Plans to issue a vote of no-confidence in the incumbent government of Prime Minister Kamal El-Ganzouri seem to have been dropped – at least for now – with members of the People's Assembly (the lower house of Egypt's parliament) failing to raise the issue in Tuesday's parliamentary session.
MPs, however, especially those from the Islamist current, remain adamant that El-Ganzouri's interim cabinet – appointed late last year by Egypt's ruling military council – should be dissolved.
On Sunday evening, MPs initiated procedures for a vote of no-confidence in the government, prompting seven government ministers in attendance to walk out of the assembly. The subsequent session ended after only a few minutes.
Later the same day, leading MPs held a closed-door meeting to discuss the situation, after having held talks with members of the government and military, flagship state daily Ahram reported on Tuesday. The talks were reportedly attended by People's Assembly Speaker Saad El-Katatni of the Muslim Brotherhood's Freedom and Justice Party.
Meeting participants reportedly agreed on the need to avoid any political instability in the run-up to Egypt's first post-Mubarak presidential election, slated for 23 and 24 May.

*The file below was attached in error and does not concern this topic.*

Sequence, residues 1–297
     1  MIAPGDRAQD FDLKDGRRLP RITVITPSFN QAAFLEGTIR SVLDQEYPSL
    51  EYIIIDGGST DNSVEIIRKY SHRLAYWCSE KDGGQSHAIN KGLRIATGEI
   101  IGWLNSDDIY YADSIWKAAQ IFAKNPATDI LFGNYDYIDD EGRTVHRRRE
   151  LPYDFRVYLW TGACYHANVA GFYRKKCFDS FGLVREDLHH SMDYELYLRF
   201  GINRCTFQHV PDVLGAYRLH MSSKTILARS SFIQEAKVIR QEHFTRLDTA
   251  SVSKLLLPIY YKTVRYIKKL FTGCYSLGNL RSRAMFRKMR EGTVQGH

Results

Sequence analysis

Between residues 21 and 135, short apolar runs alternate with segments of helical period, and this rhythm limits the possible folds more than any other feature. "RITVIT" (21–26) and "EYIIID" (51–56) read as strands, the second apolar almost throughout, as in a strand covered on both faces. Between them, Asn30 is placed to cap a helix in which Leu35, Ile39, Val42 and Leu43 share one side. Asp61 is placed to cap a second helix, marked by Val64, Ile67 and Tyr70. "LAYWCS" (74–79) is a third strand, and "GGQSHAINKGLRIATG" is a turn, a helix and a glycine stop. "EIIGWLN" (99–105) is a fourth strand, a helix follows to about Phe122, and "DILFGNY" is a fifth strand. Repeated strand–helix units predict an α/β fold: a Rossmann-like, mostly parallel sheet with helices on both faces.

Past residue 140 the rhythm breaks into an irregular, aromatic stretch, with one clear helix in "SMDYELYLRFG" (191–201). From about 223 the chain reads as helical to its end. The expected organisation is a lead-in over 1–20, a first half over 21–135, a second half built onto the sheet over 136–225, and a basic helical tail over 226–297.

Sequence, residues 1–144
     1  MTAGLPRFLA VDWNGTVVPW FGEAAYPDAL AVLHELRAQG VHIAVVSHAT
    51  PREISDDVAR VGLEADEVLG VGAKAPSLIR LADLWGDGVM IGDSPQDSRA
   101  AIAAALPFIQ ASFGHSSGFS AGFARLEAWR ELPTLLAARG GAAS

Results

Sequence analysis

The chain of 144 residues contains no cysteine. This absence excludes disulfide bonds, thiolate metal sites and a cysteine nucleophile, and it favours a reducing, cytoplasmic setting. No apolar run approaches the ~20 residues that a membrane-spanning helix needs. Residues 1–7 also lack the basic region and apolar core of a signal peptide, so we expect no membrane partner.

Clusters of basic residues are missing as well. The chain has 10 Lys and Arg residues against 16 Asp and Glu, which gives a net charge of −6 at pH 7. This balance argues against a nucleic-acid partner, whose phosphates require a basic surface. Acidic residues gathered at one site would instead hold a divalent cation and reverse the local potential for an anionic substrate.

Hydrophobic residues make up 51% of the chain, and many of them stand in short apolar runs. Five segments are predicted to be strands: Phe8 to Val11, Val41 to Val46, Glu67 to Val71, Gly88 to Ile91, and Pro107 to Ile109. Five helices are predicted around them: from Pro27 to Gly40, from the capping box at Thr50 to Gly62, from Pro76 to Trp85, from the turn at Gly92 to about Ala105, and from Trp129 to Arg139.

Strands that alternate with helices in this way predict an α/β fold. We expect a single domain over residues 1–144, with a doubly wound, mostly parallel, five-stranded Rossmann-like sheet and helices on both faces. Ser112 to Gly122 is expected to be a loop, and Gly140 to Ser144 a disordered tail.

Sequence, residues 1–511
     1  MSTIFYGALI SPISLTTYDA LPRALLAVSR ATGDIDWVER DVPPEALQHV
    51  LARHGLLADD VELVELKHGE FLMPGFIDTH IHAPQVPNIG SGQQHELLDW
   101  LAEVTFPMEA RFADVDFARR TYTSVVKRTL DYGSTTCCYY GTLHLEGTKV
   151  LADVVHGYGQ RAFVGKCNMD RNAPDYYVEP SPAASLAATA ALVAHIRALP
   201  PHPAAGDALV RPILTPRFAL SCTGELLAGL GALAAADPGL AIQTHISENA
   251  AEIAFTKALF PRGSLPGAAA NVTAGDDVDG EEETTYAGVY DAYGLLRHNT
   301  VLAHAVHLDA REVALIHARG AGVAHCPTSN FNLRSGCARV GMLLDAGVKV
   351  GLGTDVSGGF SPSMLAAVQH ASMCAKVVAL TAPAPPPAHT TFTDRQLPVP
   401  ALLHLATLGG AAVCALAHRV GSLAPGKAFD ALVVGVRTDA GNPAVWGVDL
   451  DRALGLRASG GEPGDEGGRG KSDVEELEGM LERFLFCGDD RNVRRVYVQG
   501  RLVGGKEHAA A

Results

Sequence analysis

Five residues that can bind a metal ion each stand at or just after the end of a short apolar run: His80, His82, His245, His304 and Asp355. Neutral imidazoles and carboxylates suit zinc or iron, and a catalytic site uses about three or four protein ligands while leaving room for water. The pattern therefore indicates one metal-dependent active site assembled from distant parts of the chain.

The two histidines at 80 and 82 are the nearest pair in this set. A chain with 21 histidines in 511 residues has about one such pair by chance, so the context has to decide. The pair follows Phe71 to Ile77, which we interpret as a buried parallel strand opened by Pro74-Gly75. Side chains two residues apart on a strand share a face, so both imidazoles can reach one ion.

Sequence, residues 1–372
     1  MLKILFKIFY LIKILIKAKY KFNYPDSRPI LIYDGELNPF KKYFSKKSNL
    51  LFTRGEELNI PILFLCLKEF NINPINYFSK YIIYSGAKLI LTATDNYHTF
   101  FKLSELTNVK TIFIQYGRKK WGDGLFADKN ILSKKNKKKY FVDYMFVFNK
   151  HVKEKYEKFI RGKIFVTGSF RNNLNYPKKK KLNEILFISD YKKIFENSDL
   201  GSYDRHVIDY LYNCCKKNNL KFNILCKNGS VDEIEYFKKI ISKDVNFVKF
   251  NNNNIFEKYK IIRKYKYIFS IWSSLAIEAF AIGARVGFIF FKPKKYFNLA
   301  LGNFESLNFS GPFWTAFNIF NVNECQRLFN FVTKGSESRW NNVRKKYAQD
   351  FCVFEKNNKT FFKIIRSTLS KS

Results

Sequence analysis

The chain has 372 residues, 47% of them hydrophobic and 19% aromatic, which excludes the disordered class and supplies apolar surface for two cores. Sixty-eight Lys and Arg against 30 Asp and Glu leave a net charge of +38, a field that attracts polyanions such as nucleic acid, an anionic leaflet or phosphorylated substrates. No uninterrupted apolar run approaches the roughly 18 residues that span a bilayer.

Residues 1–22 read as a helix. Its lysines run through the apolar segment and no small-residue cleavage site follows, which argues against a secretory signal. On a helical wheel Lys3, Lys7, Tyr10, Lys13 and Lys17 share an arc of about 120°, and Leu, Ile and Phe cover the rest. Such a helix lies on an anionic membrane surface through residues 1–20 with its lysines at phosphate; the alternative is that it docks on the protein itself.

While MPs did not formally revoke their earlier decision to demand the dissolution of the El-Ganzouri cabinet, they nevertheless decided to indefinitely postpone procedures for a no-confidence vote.
According to the constitutional declaration issued one year ago by the ruling military council, the People's Assembly is entitled to recommend the government's dissolution. Such a recommendation, however, cannot be implemented without the council's explicit approval.
The ruling military council has repeatedly stressed its opposition to calls by the Muslim Brotherhood to dissolve the government. Government ministers, meanwhile, have said they have no intention to leave prematurely.
Notably, the confidence issue was largely ignored in Monday's session of parliament, despite a torrent of criticism aimed at Agriculture Minister Reda Ismail due to the recent proliferation of foot-and-mouth disease in Egypt.
Following Monday's session, Yossri Hamad, spokesman for the Salafist Nour Party (which controls the second largest bloc in parliament), said his party was still in talks with other parties "to decide on a position vis-a-vis the proposed vote of no-confidence."
"This government has failed to deal adequately with national issues of critical importance," Hamad said. "Nevertheless, the Nour Party believes now is not the right time to dissolve it, because its existence is critical to the drafting of a new constitution and upcoming presidential elections."